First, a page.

Diane Tirado doesn’t believe in giving credit where it’s not due. The school she used to work at apparently does.
Tirado says she was fired from her job at a Port St. Lucie K-8 school because she insisted on giving students zeros if they didn’t turn in an assignment.
The U.S. history teacher left a goodbye message to her eighth graders on a white board at West Gate K-8 School:
“Bye Kids, Mrs. Tirado loves you and wishes you the best in life! I have been fired for refusing to give you a 50% for not handing anything in. 💓 Mrs. Tirado.”
She told WPTV that she assigned an explorer notebook project and gave students two weeks to turn it in. Several students failed to do so.
In Tirado’s mind, no work should mean no credit. But then she checked the West Gate student and parent handbook. Below the chart detailing the score requirements for letter grades, there was a line in red ink.
“NO ZEROS- LOWEST POSSIBLE GRADE IS 50%.”
Tirado said she asked administrators what the score should be if a student doesn’t turn anything in.
“We give them a 50,” she was told.
“I go, ‘Oh, we don’t.’ This isn’t kosher,” Tirado said.
What happened next might also qualify as not being kosher. Tirado was fired on Sept. 14.
The principal sent her a letter, but it did not mention the reason for her termination because Tirado was still in her probationary period.
The principal referred media to the district public information office, which is where things get confusing.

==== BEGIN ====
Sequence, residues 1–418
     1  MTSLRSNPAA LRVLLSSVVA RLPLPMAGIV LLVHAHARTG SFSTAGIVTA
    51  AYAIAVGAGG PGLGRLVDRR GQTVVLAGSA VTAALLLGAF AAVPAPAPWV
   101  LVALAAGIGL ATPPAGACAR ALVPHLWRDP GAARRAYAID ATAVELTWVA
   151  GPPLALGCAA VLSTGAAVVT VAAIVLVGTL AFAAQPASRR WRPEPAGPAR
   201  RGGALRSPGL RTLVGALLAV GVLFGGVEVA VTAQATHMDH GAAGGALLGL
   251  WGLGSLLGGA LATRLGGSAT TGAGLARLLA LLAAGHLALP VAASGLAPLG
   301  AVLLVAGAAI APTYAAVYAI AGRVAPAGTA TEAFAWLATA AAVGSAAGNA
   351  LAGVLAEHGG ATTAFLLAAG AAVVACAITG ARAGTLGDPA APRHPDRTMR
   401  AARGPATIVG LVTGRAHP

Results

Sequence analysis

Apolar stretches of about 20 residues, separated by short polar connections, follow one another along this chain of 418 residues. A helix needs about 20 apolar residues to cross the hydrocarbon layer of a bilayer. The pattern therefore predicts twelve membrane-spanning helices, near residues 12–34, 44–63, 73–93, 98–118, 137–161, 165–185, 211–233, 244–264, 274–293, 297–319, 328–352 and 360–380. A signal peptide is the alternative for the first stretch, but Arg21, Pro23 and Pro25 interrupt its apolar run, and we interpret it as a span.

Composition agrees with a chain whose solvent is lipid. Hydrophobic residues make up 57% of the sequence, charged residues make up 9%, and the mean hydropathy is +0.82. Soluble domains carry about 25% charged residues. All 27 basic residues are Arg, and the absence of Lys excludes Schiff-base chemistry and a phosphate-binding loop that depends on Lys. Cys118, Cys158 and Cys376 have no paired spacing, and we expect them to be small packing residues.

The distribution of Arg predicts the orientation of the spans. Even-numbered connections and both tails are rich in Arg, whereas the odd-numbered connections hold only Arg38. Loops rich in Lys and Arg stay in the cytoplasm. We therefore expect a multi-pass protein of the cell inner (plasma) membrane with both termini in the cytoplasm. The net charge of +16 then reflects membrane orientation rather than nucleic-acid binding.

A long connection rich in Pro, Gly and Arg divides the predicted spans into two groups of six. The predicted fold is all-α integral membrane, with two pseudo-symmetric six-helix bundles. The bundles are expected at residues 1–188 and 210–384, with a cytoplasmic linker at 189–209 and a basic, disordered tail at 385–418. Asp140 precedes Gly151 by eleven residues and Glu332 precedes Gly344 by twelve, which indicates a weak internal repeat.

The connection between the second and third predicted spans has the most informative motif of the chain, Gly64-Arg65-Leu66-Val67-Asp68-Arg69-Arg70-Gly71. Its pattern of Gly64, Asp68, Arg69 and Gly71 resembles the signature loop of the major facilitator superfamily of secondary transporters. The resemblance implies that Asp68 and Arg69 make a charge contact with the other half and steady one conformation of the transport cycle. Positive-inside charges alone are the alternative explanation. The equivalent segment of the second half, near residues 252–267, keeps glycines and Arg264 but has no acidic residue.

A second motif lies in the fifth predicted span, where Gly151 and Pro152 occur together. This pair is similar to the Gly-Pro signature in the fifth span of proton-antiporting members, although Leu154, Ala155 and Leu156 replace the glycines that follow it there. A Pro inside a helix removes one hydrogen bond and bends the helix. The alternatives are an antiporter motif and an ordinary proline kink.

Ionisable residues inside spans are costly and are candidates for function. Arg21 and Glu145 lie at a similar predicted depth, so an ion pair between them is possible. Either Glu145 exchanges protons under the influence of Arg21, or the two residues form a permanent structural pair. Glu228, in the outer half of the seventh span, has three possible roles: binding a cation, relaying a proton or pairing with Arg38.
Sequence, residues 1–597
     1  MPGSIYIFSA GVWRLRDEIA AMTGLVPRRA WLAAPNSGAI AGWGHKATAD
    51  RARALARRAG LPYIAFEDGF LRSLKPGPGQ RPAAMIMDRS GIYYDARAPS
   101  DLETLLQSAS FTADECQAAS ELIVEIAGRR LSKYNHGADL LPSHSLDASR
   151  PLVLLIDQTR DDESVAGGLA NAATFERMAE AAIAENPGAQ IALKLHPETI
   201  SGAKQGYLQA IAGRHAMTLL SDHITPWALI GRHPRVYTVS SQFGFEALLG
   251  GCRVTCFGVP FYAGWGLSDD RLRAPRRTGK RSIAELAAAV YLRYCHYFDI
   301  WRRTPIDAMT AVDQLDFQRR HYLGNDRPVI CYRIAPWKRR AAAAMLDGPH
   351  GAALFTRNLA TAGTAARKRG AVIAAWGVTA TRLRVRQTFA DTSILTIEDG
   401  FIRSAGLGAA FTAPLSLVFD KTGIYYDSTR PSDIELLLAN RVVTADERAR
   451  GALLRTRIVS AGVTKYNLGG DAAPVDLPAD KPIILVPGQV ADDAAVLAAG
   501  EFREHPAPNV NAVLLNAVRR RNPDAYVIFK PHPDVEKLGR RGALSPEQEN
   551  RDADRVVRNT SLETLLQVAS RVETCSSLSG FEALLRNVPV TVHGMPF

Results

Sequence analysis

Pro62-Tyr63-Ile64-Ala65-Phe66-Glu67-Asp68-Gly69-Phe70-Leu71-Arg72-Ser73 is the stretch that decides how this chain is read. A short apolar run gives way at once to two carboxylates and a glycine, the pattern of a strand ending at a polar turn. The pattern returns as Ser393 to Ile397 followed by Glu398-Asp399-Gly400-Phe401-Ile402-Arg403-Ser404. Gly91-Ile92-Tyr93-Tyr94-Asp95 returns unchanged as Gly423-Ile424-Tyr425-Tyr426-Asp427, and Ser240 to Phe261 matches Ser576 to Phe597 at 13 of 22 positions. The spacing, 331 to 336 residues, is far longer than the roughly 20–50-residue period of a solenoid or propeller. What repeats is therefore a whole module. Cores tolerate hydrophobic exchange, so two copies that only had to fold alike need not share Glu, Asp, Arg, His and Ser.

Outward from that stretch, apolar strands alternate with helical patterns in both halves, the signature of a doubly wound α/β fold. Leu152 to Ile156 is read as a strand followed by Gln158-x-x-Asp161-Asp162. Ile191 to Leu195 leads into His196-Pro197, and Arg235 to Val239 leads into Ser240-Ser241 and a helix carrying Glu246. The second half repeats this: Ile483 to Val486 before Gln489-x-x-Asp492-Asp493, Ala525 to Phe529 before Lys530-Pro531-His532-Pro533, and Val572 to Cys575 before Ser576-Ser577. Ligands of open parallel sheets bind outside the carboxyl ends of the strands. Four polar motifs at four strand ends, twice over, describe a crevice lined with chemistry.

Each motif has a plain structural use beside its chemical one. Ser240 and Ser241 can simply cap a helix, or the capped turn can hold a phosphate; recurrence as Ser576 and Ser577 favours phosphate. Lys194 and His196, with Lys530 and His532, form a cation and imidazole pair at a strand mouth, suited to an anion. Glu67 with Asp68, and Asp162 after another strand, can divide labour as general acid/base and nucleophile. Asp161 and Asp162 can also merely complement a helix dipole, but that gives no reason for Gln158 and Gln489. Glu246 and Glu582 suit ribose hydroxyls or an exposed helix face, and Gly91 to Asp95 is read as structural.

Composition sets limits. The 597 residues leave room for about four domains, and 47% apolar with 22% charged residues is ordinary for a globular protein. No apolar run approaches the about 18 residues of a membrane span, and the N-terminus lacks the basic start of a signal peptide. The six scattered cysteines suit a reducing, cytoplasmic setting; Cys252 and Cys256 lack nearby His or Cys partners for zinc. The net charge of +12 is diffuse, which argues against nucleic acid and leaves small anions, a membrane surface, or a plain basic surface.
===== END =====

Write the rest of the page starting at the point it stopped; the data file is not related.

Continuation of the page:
Kerry Padrick, the chief information officer, released this statement. It read in part:
“There is no District or individual school policy prohibiting teachers from recording a grade of zero for work not turned in. The District’s Uniform Grading System utilizes letter grades A-F, numerical grades 100-0 and grade point averages from 4-0.”
When asked about West Gate’s “no zero” policy in the handbook, Padrick said, “Some classroom teachers and school faculties have discussed the range of points for work submitted in each grading category.”
So Tirado apparently didn’t violate district rules, but she must have violated something. She said she was told to abide by the handbook and never give a student a zero.
Tirado posted her goodbye message on a class app. It hit home with a few students.
“You were right about not giving people 50s because why would you give them half credit for doing nothing?” one student wrote.
She later posted it on her Facebook and it has been shared more than 500 times.
Tirado just hopes the students learned a lesson, even if it wasn’t about U.S. history.
“I’m so upset because we have a nation of kids that are expecting to get paid and live their life just for showing up,” she said to WPTV, “and it’s not real.”
David Whitley is a member of our Community Conversations Team. He can be reached at email@example.com